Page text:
It’s no secret that the U.S. healthcare system has become too complex, fragmented and expensive. The Affordable Care Act (ACA) catalyzed the movement away from today’s episodic, fee-for-service, disease treatment model and towards a value-based care delivery model, with a laser focus on improving the metrics that most impact patients: quality, access and affordability.

To help drive the healthcare system toward value, in January 2015 the Obama Administration announced the goal of tying 30 percent of traditional, or fee-for-service, Medicare payments to quality or value through alternative payment models, and 50 percent by 2018.

In March of this year, the Administration announced that it had already hit its first target, 11 months ahead of schedule: an estimated 30 percent of Medicare payments were tied to alternative payment models as of January 2016. And pilot projects such as the Comprehensive Care for Joint Replacement (CJR) model provide a robust proof of concept.

While the transformation to a more patient-centered healthcare system can lead to greater efficiency and better patient outcomes, the new and experimental nature of the process means value-based care is still in its adolescence in terms of broader system adoption. Connected technology and data analytics are presenting new opportunities to better diagnose, monitor and manage patients and treatment, and will ultimately enable the transformation to a more patient-centered healthcare system.

philips_article1_graphic3_v2

“By focusing on outcomes for an episode of care, rather than separate procedures in care delivery, we are incentivizing hospitals, doctors and other providers to work together to provide high quality, coordinated care for patients,” said Patrick Conway, M.D., acting principal deputy administrator and chief medical officer at the Centers for Medicare and Medicaid Services (CMS). “Value-based initiatives are about paying for quality over quantity—spending our dollars more wisely and improving care for Medicare beneficiaries,” Conway said.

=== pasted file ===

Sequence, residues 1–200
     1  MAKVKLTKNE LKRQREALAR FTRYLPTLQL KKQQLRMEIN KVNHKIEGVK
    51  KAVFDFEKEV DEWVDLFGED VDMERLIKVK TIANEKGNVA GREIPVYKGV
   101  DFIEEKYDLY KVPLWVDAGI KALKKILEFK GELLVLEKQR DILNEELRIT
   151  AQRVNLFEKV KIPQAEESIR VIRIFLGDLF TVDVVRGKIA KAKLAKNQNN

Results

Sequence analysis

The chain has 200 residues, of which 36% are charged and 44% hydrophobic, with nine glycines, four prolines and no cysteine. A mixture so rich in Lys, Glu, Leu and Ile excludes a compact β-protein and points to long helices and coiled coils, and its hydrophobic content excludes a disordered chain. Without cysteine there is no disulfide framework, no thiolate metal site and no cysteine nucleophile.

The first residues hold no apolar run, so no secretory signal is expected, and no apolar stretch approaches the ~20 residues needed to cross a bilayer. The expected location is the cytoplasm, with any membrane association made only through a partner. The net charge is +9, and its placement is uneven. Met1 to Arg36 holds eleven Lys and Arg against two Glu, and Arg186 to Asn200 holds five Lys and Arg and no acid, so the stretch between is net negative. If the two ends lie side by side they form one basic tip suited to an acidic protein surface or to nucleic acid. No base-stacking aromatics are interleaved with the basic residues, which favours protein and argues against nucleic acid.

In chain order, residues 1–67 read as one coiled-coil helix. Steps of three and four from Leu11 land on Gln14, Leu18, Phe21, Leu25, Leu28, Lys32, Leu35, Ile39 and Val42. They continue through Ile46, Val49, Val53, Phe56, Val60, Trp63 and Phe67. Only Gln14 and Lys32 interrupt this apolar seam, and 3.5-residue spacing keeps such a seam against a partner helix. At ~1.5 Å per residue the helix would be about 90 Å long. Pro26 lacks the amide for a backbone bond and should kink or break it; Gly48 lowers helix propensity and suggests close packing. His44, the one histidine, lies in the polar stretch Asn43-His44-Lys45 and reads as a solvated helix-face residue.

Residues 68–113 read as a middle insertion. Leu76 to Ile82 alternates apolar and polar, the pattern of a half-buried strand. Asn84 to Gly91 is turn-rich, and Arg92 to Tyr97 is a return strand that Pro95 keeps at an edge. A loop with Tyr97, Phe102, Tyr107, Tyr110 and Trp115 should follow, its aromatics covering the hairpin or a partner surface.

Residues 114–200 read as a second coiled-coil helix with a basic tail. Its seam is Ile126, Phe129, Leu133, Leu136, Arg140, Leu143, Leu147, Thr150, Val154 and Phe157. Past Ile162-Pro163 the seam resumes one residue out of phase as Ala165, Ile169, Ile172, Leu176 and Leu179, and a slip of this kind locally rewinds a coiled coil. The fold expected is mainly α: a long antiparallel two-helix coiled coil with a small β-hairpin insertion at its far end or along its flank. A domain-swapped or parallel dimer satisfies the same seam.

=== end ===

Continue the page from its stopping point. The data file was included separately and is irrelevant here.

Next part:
With a targeted mid-November release date, a new Washington Post, Philips sponsored survey of U.S. hospital system CEOs will shed light on current hospital and health system exposure to and planned investment in value-based care models. Solutions-focused questions gathered insights on:

  • Investments in technologies that help extend care beyond the boundaries of a hospital’s four walls, including telemedicine, patient portals and remote monitoring
  • Investments to enable the more efficient capture and interpretation of data such as EHRs, cloud-based platforms, predictive modeling software and analytics
  • Modifications to hospitals’ mix of service offerings, and movement to more outpatient care, including diagnostic imaging

 

The road to adoption

Whereas most, if not all, of the hospital executives surveyed agreed that the shift to value-based care delivery is inevitable, some are actively building key capabilities for the transition while others are still reluctant.

Nevertheless, judging from the strong survey response rate, there’s a curiosity among all to understand how value-based care models work, their associated incentives, risks and potential financial outcomes. Surveys such as this can help inform ongoing best practice sharing and dialogue.

The move to value-based care is an inevitable and appropriate transformation of the healthcare industry. It is not a matter of ‘if,’ but rather how, and how fast,” said Michael J. Ferry, president and chief operating officer at Halley Consulting Group.

“Healthcare systems that embrace that reality and successfully adopt value-based principles and emerging payment systems will be best positioned for success as this new era unfolds. Those who remain entrenched in a volume-based mentality will find themselves competitively disadvantaged.”